A young artist from Bombay, Yash Prajapati is a visionary who utilises the ordinary elements around us to craft a dynamic tale of type and print. Someone who views art through a multidimensional gaze, he often selects inspirations from the country’s rich heritage, past and present pop-culture references.
Feeding his curiosity through exploring uncharted areas of design, Yash attempts to visualise typography through unique perspectives. Even learning new scripts and languages in order to achieve an authentic outcome. Sharing some of the influences and inspirations behind his work, Yash spoke to Homegrown about his ongoing journey as an artist.
What are some of your biggest influences as an artist?
Street typography, Hand-painted street signages, Old movie posters, Vinyl cover art, Pizza boxes, Matchboxes, Vintage packaging, Postage stamps, Neon pamphlets etc are the things that have influenced me as an artist.
Who are some artists who are currently on your radar?
Wael Morcos, G.R Santosh, Kunel Gaur & Kiel DM
A project you wish you were a part of?
I can't think of a particular project at the moment but would definitely like to redesign Mumbai City Signage system, if given an opportunity by Brihanmumbai Municipal Corporation or by Govt. of Maharashtra
What are some things you learned while putting this project together?
To be more patient and enjoy the process rather than worrying about the end result. Also to keep on exploring and experimenting with different print mediums.
Tell us about your project.
My project 'Gul Gulshan Gulfaam' is a tribute to the Kashmiri Poet 'Ghulam Ahmad Mehjoor' and to the music band 'PARVAAZ'.
I first heard PARVAAZ live sometime around 2018 and have since been a fan of their incredible music. Here's an attempt at visually translating my favourite song of theirs 'Gul (Flower) Gulshan (Garden) Gulfaam (Gardener)' from the album 'BARAN'.
This poem was originally written by Peerzada Ghulam Ahmad 'Mehjoor' who is known as the 'Poet of Kashmir'. In it, Mehjoor refers to Kashmir as a Garden, her citizens as the Gardener and implores them to restore its grandeur and beauty.
Composed, sung and brought to bloom by Khalid Ahmed (Parvaaz) Originally in Koshur (Kashmiri) with translation in English:
Walo ha Baagwano (Come forth, Gardener)
Nov bahaaruk shaan paida kar (Create the magnificence of a new spring)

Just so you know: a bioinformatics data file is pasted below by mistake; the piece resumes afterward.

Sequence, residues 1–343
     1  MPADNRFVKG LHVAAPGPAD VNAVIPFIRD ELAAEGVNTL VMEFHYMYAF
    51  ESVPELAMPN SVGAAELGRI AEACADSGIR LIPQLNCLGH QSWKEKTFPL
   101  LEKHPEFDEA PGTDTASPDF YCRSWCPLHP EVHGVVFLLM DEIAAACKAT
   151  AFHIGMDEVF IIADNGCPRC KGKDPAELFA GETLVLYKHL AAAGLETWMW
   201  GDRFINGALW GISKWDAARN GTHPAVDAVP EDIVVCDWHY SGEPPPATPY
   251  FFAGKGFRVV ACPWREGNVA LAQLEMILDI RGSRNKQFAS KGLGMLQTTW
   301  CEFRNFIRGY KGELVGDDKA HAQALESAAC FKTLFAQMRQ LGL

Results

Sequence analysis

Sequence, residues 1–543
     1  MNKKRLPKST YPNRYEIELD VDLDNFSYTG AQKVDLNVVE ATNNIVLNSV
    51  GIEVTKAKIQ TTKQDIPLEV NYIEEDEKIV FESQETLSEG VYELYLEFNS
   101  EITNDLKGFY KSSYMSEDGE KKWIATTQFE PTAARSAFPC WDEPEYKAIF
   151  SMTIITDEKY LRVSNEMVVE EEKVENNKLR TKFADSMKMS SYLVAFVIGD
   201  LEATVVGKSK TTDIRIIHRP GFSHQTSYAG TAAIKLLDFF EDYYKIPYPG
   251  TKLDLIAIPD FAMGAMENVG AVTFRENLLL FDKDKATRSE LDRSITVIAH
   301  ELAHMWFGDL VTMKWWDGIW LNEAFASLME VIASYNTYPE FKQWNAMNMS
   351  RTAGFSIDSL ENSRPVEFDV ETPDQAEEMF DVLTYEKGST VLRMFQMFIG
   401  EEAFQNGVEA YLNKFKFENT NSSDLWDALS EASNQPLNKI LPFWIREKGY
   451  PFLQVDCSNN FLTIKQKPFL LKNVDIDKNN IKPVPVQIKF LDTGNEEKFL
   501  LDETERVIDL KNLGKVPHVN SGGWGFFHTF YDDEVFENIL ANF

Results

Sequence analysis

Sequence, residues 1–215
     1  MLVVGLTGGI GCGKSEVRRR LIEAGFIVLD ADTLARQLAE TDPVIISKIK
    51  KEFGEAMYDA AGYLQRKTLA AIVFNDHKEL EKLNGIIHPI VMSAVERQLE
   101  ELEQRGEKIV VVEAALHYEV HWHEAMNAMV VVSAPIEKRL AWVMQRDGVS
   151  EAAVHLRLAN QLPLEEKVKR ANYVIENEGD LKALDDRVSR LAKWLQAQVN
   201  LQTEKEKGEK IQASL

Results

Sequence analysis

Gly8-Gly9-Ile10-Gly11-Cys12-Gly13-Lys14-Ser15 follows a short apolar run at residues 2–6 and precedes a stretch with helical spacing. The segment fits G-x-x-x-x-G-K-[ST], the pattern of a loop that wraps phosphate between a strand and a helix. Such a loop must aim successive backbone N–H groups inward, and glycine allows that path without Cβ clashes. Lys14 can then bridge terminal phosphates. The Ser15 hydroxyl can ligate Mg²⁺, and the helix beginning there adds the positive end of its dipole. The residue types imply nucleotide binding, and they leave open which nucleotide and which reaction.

Pholan Gul gath karan Bulbul (The flowers would bloom, with songbirds circling around them)
Tithuy samaan paida kar (Create things like this)
What are some of your biggest inspirations over the years of your artistic career?
I’ve always carried a deep love for the Urdu language, not just for the beauty of its sounds but also because the intricate nature of the script (Nastaliq) that appeals to the typography nerd in me. These days I am learning to read and write it as well. Even though I am not very fluent, it gives me a long-term goal to work towards.
I also admire some artists who I have been lucky to interact with in real life, these relationships are very rewarding as they provide me an opportunity to understand how their lives and pasts inspire the art. Lastly, outside in the streets, I find myself drawn to signage and street posters that call back to the unique hand-lettering previously used in retro Bollywood movie posters.
Describe your creative process and the purpose with which you create.
I try not to bog myself down into a process very early during the brief and try to visualise it from various angles. What helps me get started is a clear understanding of ‘what not to do’, which for me is following an obvious path or attempting things that are in “vogue” at any given time. For example, if I am working on an organic ice cream brand, I know 'Cooper Black' is the trend these days for such brands and so I will try to avoid it. This helps achieve two things at once: It helps me deliver work that will help the client stand out and also helps me avoid stagnation.
Once I have decoded the brief, I experiment with basic concepts. This is where I mix my initial explorations with inspiration from the work I see on a day-to-day basis. Once I find a thread that looks promising and right for the brief at hand, I start giving it more shape. The objective is always to create something that looks great but also makes sense as a design output while pushing the limits of the brief...
For my personal projects, however, inspiration comes a bit spontaneously. For instance on this project, I really liked the verse from the poem at a deep personal level. Which led me to create a visual around it and later also getting it screen-printed.
Explore his work here.